As Bex has said, that appears to be the IG/COIL/METER fuse, so, not dash lights, but if it's blown there will be no power to the ignition system and that will include things like the charge & oil pressure lights. Amongst the things that that fuse will supply power to is the alternator, and the reason I suggested that you disconnect that early in the troubleshooting process, is that there are exposed (not protected by insulation) connections inside there, that can get wet. It may not be that, but it's just one plug to unplug.



Electrical wiring, on a motor vehicle, does not "short out" simply because it gets wet - each individual wire is enclosed in a plastic (typically PVC) jacket which is more or less waterproof - many, many vehicles have exposed wiring under the vehicle, outside of the passenger cabin, in the engine compartment, and all exposed to the weather - I routinely drive through water, maybe not as much as a foot deep, but I've had vehicles fill to the bottom edge of the doors and sit with that water in there for days and never had an issue with the wiring. One of my 4WDs has an electronically shifted automatic transmission (these are now quite common), the transmission harness exits the passenger cabin through a a rubber seal in the floor under the driver's seat - it gets wet every time that vehicle is in water - this is how it was designed to work.

Unless there has been physical damage to the harness, getting it wet will not cause it to "short out".
 

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I have the same problem with 30+ year old plastic connectors -- but the 30+ year old wire covering can disintegrate too. I find that getting the 30+ year old dirt off is the biggest challenge.
 

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You might notice that a lot of the harness damage is on the underside of the harness, where it has been rubbing against metal brackets, etc., for years, so some of the deterioration is not easily seen.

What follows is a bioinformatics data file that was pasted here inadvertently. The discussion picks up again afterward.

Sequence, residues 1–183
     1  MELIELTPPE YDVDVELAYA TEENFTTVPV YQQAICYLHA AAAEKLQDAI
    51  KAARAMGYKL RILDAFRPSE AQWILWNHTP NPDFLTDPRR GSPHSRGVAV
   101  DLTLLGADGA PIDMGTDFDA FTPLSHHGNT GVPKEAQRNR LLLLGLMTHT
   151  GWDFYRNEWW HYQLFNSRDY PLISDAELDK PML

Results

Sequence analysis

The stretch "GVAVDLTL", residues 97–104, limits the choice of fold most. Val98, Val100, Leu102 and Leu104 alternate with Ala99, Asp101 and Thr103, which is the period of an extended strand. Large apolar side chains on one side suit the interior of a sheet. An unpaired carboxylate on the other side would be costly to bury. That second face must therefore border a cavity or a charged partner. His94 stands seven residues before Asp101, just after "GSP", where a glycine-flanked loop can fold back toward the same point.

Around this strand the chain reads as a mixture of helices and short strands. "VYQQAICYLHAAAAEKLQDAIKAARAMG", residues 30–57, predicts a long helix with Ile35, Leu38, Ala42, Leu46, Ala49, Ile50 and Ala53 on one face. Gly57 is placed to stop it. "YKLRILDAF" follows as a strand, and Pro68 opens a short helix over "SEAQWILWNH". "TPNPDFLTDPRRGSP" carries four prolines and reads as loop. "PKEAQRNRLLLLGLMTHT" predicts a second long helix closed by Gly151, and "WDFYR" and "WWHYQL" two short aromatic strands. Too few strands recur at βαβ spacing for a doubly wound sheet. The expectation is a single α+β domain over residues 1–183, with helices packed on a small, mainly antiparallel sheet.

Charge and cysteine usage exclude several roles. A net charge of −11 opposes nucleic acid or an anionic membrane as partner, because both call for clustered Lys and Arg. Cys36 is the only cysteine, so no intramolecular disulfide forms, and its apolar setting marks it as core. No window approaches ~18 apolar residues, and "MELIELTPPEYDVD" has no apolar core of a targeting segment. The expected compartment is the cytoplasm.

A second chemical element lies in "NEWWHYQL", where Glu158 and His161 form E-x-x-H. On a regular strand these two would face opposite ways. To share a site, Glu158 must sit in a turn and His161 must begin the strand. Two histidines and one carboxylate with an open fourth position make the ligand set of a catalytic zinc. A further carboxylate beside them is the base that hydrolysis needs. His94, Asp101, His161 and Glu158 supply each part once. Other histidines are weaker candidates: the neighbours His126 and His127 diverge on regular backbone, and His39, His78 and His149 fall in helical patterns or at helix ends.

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At some point, rather than going through a box of fuses, you may want to replace the fuse with a test light. The light will be lit, indicating a short somewhere. Then start disconnecting each of the connectors to the items that are on that circuit, to see where the short is located….the light will go out when you disconnect the right one.
Excellent way to chase shorts but I use a piezo buzzer instead of a light bulb to jump across the fuse terminals and you can go about testing without constantly having to watch the light. I have used this method for many years while diagnosing shorts. The buzzer will buzz as long as the short exists but will limit the amount of current flow to what the buzzer needs so will not hurt the wiring.

Fred
 

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Note that water does not short out 12v cables or plugs by itself. At least to the extent that it will blow a fuse. The presence of corrosion in contact pins after repeated exposure to water will though because the corrosion byproducts are conductive. Water can affect analog signals present in the cable but still typically doesn't blow fuses. So if your vehicle was working okay, enters water and then blows a fuse it is more likely caused by physical damage from the water rather than electrical damage. eg water pressure could cause the collapse of a plug housing thus allowing one or more of the pins to short out - that will blow fuses.
When a vehicle is designed one of the decisions made is what to make the plug housings from. $5 for xyz material and that is known to last minimum 10 years or $20 for abc material known to have a lifetime of 30 years. You can guess which they chose. This is an over simplification but the principles hold (the injector plug housings of a 300zx which fail early from the heat soak in the engine - they used a plastic which does not handle heat as well but was chosen because it was cheaper).
 

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Electrical wiring, on a motor vehicle, does not "short out" simply because it gets wet - each individual wire is enclosed in a plastic (typically PVC)

Unless there has been physical damage to the harness, getting it wet will not cause it to "short out".
I should've specified: in my experience living in the rust belt, excess water has 100% been the cause of shorts on 3 separate trackers, 2 bad, 1 good. The shield around the wires is over 30 years old now, and is compromised on most of my trackers that didn't live down south. One of them the entire wiring to the back under the door was wet on the inside and they were all green inside the pvc outercoat, which would blow the IG fuse whenever it went through deep enough water to touch the bottom of the door. The other was when it would rain, because the wheelwell had rusted through, the tire would kick water to the plug connector behind the taillight, and blow the IG fuse. Another one still to this day, the dome light will only turn on when it rains, a rusted ground makes connection when it's wet, completing the circuit and it works.